But, I had trouble concentrating. I kept overhearing Dan, Rooftop Programming Director, talking about how great ‘the sculptures’ were looking. How could I have forgotten? The director of ‘Convento’, Jarred Alterman, and the featured artist, Christiaan Zwanikken were going to be in attendance that evening, and Christiaan’s kinetic sculptures would be put on display. “Wait, are the sculptures already set up?” I finally asked Dan, resigning to put down my papers. Dan responded: “Well some of them are! There’s a few in the hallway, one in the elevator.” Ahh! This was exactly what I loved about hanging out at Rooftop! I just never knew when an amazing opportunity would just fall into my lap. I would be one of the first attendees to see those sculptures up close. “Do you think I can go take a look?” I asked, trying hard not to let my voice become too squeaky. “Yeah, sure,” Dan replied. So I grabbed my stuff and scurried outside.

I tried to snap pictures without looking too much like a ‘Can Factory tourist’, but that’s most likely ‘exactly’ how I appeared. Fox heads and rabbit skeletons and a dangling robot man had me entranced — so entranced in fact that I didn’t even notice three people watching me. Suddenly one of them spoke, and I jerked around. “So are you coming to the show tonight?” he asked, clearly thinking I really was a ‘tourist’. I was about to answer him when I realized that he looked oddly familiar. I’d seen him before — in a picture, maybe. “Oh my god, you’re Jarred Alterman!” I exclaimed. “Ha! You actually know who I am?” he replied ecstatically. I commenced throwing at him a million questions per minute, no longer caring about the distinguished squeak with which I was speaking. I paused to catch my breath and finally blurted: “Oh, is Christiaan here too?” Jarred responded: “Yeah, he’s sitting right in front of you.” I jumped back and turned my head. There he was — the amazing Christiaan Zwanikken in the flesh. He’d become thin from the time of the shooting, but his face was the same, and his hands were still rugged, sculptor’s hands. He was enjoying a slice of pizza slowly. I was completely dumbfounded. I shook his hand and asked in almost a panicked whisper: “Is the rabbit head here?” Christiaan replied serenely: “Yes, over by the door.” He turned it on for me as I stood awkwardly, trying to conceal my blushing face, thinking about how I hadn’t showered, that my hair was messy, that I’d said the wrong thing, etc. The film was being projected on the metal door behind the rabbit, and the rabbit’s mouth, once animated, seemed to move in unison with the eerie musical score. I was so distracted that I did not even notice someone else walk up behind me. It was the third man to whom I had not yet been introduced. “Hi, I’m Evan Meszaros, the producer of the film… ah wait for it… this is my cinematic debut.” I looked up at the screen. There was a man in shadow scaling a cliff. “That’s you?” I gasped. “Yup. My one appearance. Now you know,” he laughed. “Would you like some pizza?” he added cheerfully.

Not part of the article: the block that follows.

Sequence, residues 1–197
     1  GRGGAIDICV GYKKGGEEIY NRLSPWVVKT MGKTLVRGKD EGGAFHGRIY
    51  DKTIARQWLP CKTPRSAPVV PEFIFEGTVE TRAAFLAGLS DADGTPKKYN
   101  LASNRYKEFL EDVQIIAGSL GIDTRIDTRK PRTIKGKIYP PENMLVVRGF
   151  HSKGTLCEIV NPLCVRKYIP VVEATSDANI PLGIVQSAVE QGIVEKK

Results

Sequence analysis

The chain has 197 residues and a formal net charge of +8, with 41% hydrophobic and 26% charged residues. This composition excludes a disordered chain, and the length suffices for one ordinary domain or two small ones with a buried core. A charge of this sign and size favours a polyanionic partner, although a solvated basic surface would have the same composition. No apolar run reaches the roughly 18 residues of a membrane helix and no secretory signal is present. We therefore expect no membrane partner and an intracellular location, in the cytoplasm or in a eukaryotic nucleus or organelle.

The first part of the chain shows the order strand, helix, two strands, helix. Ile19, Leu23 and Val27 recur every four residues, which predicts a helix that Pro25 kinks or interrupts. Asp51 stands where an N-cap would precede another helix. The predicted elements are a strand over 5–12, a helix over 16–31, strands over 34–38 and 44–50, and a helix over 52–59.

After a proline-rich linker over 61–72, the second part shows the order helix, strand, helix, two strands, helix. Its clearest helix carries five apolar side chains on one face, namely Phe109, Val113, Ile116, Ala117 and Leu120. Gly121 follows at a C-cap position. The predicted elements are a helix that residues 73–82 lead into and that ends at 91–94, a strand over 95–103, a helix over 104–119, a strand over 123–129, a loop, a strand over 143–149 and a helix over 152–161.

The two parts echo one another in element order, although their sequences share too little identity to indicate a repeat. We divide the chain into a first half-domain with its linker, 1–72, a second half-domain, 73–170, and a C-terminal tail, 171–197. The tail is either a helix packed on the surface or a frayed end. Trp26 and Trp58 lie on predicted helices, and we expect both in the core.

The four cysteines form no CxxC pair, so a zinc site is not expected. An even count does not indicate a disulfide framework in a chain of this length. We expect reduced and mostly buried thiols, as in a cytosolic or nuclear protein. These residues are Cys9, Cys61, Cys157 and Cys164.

It doesn’t sound like much. But expecting to do some homework in the office, and then instead having several unexpected encounters was certainly memorable. It was the kind of experience that has really made this internship so fulfilling. I’m just now starting to realize that the makers of the films that I’m helping to promote, the incredible minds behind the films I can’t wait to see again and again — they are normal people! They’re as happy to meet me as I am them. They’re as happy to talk as I am to ask annoying questions. They’re sometimes gregarious, sometimes tenderly shy. And they have good taste in pizza, at that. These kinds of ‘little’ New York moments have been numerous (and free!), and have definitely turned this summer into one I’ll truly never forget.

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Rooftop Films is a New York based non-profit whose mission is to engage diverse communities by showing independent movies in outdoor locations, producing new films, coordinating youth media education, and renting equipment at low cost to artists.